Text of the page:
Speaking like a Spaniard

Hailey Kilbarger is a student at the Grand Valley State University and a current ISA Featured Blogger. She is currently studying abroad with ISA in Valencia, Spain. 

Before embarking on my trip to Spain, I knew that some things would be as I expected and others would not. One of the biggest aspects I have noticed, in terms of language, is the different uses of phrases and words. In school, we learn a lot of the proper Spanish. But during my first few weeks here in Spain, I have already encountered several phrases that are not necessarily in the books. Here are some you will need to know to survive any basic conversation with a local.

From the top of the Cathedral in Downtown Valencia, you can look out over the city.
  • Vale/Vale la pena

At first glance, you would think these phrases or words have similar meanings, when in fact, they are quite different. “Vale” is the phrase of the century here in Spain. It is the equivalent of saying “Ok” in English. They say “Ok” here too, but “Vale” is much more common. On the other hand, “Vale la pena” is completely different. It translates to “It’s worth it” in English.

  • No pasa nada

If I had not just said that “Vale” was the phrase of the century, I would say it is “No pasa nada.” The Spanish lifestyle is very laid back and much less stressful than in the United States. Therefore, nothing is ever a big deal and they simply brush it off. No pasa nada!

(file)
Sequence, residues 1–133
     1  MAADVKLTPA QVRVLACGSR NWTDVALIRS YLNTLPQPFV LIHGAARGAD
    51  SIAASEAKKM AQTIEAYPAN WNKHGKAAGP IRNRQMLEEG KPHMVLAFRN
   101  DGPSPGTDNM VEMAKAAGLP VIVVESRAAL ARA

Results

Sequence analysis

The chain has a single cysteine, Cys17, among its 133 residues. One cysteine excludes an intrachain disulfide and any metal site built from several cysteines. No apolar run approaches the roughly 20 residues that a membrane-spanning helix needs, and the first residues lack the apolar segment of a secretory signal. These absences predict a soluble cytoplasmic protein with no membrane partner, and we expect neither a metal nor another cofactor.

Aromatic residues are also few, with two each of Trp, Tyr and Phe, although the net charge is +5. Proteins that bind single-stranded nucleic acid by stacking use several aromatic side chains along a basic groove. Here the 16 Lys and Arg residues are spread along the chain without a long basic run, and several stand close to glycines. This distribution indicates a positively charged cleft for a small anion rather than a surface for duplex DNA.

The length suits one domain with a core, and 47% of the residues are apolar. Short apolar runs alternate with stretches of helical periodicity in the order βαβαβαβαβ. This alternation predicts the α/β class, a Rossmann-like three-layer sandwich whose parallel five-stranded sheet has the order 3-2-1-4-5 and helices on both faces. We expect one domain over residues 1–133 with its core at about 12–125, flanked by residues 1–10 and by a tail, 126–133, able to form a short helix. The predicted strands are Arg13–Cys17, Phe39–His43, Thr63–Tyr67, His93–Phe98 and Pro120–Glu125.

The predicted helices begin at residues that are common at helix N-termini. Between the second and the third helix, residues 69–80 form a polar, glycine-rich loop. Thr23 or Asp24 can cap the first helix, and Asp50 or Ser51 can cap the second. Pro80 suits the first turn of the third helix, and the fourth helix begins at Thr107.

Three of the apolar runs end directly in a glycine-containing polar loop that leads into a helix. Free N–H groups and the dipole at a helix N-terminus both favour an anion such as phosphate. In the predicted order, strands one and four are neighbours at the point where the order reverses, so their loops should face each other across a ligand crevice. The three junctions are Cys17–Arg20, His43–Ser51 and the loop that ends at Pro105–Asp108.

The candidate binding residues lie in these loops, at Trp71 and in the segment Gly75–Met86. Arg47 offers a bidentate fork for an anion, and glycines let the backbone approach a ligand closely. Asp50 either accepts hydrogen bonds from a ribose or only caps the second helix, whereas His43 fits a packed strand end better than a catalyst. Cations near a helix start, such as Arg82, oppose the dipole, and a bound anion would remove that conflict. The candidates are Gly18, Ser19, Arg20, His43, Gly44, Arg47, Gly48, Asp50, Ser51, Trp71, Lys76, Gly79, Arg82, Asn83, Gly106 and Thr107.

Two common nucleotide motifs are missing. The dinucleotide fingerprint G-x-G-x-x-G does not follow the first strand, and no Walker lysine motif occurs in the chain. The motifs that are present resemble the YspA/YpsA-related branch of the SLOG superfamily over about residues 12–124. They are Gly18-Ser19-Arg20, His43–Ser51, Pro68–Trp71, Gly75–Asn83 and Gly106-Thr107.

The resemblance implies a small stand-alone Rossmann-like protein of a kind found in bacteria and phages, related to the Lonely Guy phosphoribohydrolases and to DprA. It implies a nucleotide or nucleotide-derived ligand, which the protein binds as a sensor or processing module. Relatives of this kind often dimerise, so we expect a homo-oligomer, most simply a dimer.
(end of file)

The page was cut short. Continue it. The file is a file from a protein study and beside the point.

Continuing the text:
• ¿Qué tal?

For me, this phrase took some getting used to. Spaniards use it all the time when greeting each other. It is more popular than saying “como estas.” I think it was hard for me to pick up because I was taught that “Que tal” meant “What’s up?” But in Spain the proper response is “Bien” which wouldn’t make any sense in English if we said “Good.” But apparently, “Que tal” translates to “How’s it going?”

  • Encantado/a (depending on if you’re a girl or boy)

You may also know this phrase as “Mucho Gusto.” In Spain, it is more common to say encantado/a when meeting someone for the first time. “Encantado/a a conocerte” is like saying, “It was a pleasure to meet you.”

At the end of the day, if you have any doubts about your Spanish, you can double check with your local friends at the weekly Intercambios language exchanges!

The world awaits…discover it.

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